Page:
• Beautiful and attracting beaches such as Fly catcher, Mchangani and Michicoco
• Cultural sites such as “Ntungamirwe”, “Maji Matakatifu”, “Altare” and “Solo” which explain the life of natives who once stayed in the park
• Crocodile island
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Rubundo Island National Park Flora & Fauna
About 80% of the park is covered by a dense forest thus providing a variety of habitats to wildlife ranging from savannah, open woodland, and papyrus swamps to dense forest. These habitats form a home for various wild creatures such as sitatunga, bushbucks, velvet monkeys, genet cats, spotted necked otters, hippopotamus, and crocodiles which share the ecological niches with introduced species such as chimpanzees, elephants, giraffes, black and white colubus monkeys, suni and African grey parrots.
Rubondo Island National Park is also famous for holding a variety of migratory birds from different parts of the world and some birds native to the area such as the Emin Pasha Gulf and the African fish eagle.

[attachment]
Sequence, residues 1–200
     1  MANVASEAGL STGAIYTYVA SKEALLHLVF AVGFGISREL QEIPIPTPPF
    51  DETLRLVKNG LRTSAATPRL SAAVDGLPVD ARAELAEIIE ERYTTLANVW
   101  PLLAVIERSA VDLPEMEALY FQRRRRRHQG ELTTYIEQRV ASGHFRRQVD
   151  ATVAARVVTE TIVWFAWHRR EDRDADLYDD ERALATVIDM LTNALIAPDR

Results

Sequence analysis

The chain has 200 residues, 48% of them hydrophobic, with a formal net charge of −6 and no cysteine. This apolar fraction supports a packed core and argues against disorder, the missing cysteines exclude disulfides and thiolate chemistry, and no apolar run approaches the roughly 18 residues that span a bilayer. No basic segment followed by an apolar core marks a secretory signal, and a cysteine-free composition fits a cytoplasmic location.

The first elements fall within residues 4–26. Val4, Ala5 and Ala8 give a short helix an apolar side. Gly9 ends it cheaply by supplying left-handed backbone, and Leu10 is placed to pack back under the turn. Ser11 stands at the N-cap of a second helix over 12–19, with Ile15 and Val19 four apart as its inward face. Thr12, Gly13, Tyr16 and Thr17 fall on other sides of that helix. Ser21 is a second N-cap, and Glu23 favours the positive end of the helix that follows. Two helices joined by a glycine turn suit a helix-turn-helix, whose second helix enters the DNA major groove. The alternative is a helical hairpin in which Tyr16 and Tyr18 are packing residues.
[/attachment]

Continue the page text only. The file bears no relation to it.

However the island park is most noted for its effort in bringing rescued animals back into a complete wild. In addition to chimpanzees, seven other species were introduced to the island: Roan antelope and rhinoceros both now extinct, Suni antelope), elephants, twelve giraffes, 20 black-and-white colobus monkeys, and African grey parrots confiscated from illegal traders.
Rubundo Island National Park Location & Map
Rubundo Island National Park is located on the South-Western corner of Lake Victoria in the Geita region about 150 km West of Tanzania’s Mwanza city. Lake Victoria is the second largest lake in the world. The Lake is also the source of the longest river in the world, River Nile. The park itself occupies a group of islands covering 456.8 km2 of which 236.8 km2 is dry land and 220 km2 is water comprising of 11 small islets of varying sizes